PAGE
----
1. Whether there is a breach of contract between Martina and S & E?
2. Whether S & E had mitigated damages for their loss of commission on the job in Australia?
The First Legal Issue:
Background: How is breach of contract determined? And what is the remedy?
From legal perspective, there are a few legal principles that have to be considered to determine whether there is a breach of contract between two parties. Under the breach of contract, the injured party first has to establish a ground that there has been a breach of contract. It may be a breach of a condition, or warranty by the other party. The plaintiff must also prove causation, that the loss or damage that the plaintiff suffered was caused by the defendant’s breach of contract. The causation must prove that the loss or damage would not have been suffered if not because of the defendant’s breach. As with negligence, if there are multiple causes for the plaintiff’s loss or damage, then the plaintiff may not be able to recover if an additional factor unconnected with the defendant’s breach breaks the casual chain between the defendant’s action and the plaintiff’s loss or damage.
There are two main terms that need to be considered which are condition or warranty to determine whether the contract has been breached or not. In determining whether the term is a condition or a warranty the intention of the parties as what it appears in the contract must first be considered.
A condition is an important term to the contract which goes to the root of the contract. The non-performance of a condition may be regarded as grounds to terminate the contract or suing for damages or both. A warranty is a minor term of a contract which are not central to the existence of the contract. The non-performance of a warranty may result in the suing for damages but the injured parties must still perform their part of the contract.
There are two main equitable remedies for the breach of contract which are specific performance and injunctions. Specific performance is an order directing the party who breached the contract to perform the contract in the way specified by the court. It will only be ordered if the compensation is not adequate and it will not be awarded in relation to contracts of personal service while injunctions are orders directing the breaching party not to do something that will result in the breaching of the contract.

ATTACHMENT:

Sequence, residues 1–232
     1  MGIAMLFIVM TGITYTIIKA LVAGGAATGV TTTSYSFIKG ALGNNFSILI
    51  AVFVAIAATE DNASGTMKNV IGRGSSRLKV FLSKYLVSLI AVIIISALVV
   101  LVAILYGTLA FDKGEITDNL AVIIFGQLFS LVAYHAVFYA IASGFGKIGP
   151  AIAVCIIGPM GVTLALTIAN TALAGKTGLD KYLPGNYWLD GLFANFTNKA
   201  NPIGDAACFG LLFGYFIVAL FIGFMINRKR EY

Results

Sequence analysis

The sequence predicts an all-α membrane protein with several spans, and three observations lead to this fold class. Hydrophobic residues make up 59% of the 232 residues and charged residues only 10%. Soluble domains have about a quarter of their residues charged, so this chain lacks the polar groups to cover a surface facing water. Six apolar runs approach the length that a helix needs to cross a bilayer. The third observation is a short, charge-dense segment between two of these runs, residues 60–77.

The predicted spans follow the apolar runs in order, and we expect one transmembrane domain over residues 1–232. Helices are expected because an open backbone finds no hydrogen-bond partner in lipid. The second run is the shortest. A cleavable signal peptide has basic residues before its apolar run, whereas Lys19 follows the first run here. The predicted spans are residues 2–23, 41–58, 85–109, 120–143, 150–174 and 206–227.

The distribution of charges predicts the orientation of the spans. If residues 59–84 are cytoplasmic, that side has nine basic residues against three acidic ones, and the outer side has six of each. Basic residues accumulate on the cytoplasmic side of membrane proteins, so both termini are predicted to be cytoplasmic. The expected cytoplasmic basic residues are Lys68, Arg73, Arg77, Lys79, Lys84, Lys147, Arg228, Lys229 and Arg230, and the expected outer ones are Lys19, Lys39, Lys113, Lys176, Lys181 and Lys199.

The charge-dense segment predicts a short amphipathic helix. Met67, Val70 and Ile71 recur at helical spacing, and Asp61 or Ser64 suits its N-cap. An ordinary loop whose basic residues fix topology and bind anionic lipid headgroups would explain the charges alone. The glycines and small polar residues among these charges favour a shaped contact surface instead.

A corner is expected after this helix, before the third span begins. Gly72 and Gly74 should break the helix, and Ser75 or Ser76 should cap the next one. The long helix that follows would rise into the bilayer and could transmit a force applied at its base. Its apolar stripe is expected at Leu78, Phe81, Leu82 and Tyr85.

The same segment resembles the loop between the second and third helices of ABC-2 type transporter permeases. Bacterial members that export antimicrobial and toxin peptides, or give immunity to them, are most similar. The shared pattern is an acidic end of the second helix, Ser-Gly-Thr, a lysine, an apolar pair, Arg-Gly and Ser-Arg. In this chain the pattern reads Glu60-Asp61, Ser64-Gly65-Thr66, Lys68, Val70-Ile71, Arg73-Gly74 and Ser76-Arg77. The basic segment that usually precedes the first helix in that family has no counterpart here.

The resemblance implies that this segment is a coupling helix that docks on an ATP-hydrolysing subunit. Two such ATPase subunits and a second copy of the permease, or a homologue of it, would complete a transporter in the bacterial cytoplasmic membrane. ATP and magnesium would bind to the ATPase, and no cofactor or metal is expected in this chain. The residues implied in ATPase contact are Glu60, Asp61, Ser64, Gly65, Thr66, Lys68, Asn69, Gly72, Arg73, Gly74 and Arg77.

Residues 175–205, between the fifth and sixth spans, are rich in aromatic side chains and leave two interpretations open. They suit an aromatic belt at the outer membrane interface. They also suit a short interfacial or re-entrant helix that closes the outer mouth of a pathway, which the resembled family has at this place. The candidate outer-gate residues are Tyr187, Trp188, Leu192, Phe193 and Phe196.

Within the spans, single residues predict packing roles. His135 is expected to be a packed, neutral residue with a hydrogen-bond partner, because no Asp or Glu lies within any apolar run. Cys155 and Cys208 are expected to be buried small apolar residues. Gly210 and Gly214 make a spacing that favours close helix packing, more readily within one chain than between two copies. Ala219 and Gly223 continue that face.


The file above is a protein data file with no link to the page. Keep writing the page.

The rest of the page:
a) Whether there is a breach of contract between Martina and S & E?
In order to determine whether there is a breach of contract between Martina and S & E, S & E must establish that there is a breach of contract by Martina. This has been established by S & E by proving that Martina had breached the condition of the contract by declining to perform her work in Australia and accepting the invitation to go to Russia to sing at the oligarch’s party, without their consent. Based on the decision made by the court in the case of Poussard v Spiers (1876) 1 QBD 410, it can be concluded that Martina had breached the condition of the contract because of two reasons which were rather than obtaining her work through S & E, she dealt directly with the Russian company and she accepted to sing for another agency which was the Russian Company.
Following Associated Newspapers Ltd v Bancks  HCA 24, Martina’s undertaking to only obtain her singing work through S & E and not to perform for any other agency were the condition of the contract. S & E would not have entered into the contract unless Martina had assured them that she would at least substantially perform the condition of the contract.
S & E had proved causation that they loss their commission in Australia because of Martina’s refusal to perform in Australia. The loss would not have been suffered if Martina agreed to perform her singing work in Australia under S & E. As a result, there was a breach of contract made by Martina by not performing the condition of the contract thus S & E can either terminate the contract with Martina or claim for damages or both.
The court may also grant an equitable remedy for the breach done by Martina. While the court may not grant a decree of specific performance to compel Martina to sing under S & E, it may enforce the negative promise to ‘not sing for any other agency’ by granting an injunction to abstain Martina from singing elsewhere.
The Second Legal Issue:
Background: What is duty of mitigation? And what is the remedy?